The Royals entered the 1981 season on the heels of their first American League pennant and World Series appearance in 1980, which they lost to the Philadelphia Phillies. Third baseman George Brett had not only been an All-Star the previous year, but he was also the American League’s reigning MVP, as he posted a 1.118 OPS and a .390/.454/.664 slash, metrics which all led the American League in 1980. Pretty much everyone returned from the pennant-winning club as well, and the Royals were expected to compete again, not just for a pennant, but a World Series as well.

Unfortunately, the Royals failed to live up to the hype in the first half of the season leading up to the strike. In the 50 games before play stopped, the Royals were a pedestrian 20-30 and finished fifth in the standings in the first half of play. While Brett continued to hit for high average and still put up an impressive first half slash (.323/.365/.452), his home run power disappeared, as he only hit 1 home run in the first half of play after hitting 24 the previous year. And it wasn’t just Brett who disappointed, as the Royals posted team OPS numbers of .613 and .696 during the first two months of play. Hence, it is not surprising that the lack of offensive punch produced records of 3-10 and 12-15 in April and May, respectively.

The Royals pitching during the first half wasn’t bad, as Dennis Leonard and Larry Gura led the rotation at the top. However, the Royals’ team ERA in the first half was 4.25, which is a reasonable mark, but not good enough when partnered with the Royals’ lack of effectiveness on the run production end. When play stopped after 10 games in June, the Royals not only had a losing record and were closer to the cellar of the AL West than the top, but they also had a run differential of -49 (181 runs scored and 230 runs allowed).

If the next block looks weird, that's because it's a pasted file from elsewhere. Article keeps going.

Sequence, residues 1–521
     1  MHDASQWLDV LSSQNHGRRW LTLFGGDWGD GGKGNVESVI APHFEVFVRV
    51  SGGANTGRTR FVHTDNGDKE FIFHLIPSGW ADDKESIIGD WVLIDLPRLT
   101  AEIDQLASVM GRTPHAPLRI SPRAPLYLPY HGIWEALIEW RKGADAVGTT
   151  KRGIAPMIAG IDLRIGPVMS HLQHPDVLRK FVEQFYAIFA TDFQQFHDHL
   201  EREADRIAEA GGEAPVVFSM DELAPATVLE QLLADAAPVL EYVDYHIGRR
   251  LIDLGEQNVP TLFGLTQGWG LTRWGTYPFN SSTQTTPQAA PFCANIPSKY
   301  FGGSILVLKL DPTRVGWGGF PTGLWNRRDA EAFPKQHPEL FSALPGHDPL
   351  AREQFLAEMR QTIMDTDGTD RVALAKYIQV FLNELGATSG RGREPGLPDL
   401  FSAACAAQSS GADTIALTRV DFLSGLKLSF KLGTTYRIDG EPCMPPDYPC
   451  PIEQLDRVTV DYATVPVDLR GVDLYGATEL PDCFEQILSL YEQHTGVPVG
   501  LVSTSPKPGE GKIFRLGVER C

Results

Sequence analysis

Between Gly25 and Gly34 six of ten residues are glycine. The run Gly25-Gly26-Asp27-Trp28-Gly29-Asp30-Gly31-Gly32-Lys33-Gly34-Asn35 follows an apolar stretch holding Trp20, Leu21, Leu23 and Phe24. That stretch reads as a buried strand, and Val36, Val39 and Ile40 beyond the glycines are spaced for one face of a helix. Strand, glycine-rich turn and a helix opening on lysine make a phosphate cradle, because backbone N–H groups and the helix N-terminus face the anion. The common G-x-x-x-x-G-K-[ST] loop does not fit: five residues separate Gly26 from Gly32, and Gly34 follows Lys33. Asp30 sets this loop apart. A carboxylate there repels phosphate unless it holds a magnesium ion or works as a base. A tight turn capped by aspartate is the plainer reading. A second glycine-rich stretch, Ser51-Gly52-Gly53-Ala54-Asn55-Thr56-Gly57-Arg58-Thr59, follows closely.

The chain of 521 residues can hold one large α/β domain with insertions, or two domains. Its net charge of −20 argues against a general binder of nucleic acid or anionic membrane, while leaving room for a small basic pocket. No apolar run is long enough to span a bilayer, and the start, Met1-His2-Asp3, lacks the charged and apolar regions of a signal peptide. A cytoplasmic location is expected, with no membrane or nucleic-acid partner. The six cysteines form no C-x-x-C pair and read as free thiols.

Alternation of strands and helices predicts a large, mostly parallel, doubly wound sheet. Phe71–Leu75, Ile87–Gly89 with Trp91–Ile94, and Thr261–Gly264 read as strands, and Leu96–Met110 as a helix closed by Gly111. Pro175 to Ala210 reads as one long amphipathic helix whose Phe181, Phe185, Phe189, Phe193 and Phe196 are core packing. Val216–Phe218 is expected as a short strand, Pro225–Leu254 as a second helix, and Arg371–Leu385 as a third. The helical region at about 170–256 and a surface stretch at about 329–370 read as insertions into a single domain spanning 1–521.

At the time, things looked bleak for the Royals and Royals fans, who had been basking in the glory of the Royals’ first World Series appearance in franchise history. But the strike and time off ended up being a benefit for the Royals as they turned it around once play resumed in August.

The Royals went 30-23 in the second half of play, and actually finished with the best second half record of any club in the AL West. The pitching stepped up in the second half, as they posted a 2.91 ERA over the last 53 games of play in the 1981 season. Leonard had another stellar season overall, as he posted a 2.99 ERA, 13-11 W-L record, and 3.16 FIP in 201 innings of work. Gura also posted a sub-3 ERA, as he posted a 2.72 mark and 11-8 record in 172 innings. And at the end of the rotation, the Royals got a surprisingly effective season on the mound from a 21-year-old Mike Jones, who went 6-3 with a 3.21 ERA in 75 innings of work. Add in a productive season of 9th inning work from Dan Quisenberry, who posted a 1.73 ERA and 18 saves in 40 appearances, and it makes sense that the Royals allowed 55 less runs in the second half of the season in comparison to the first 50 games of the 1981 campaign.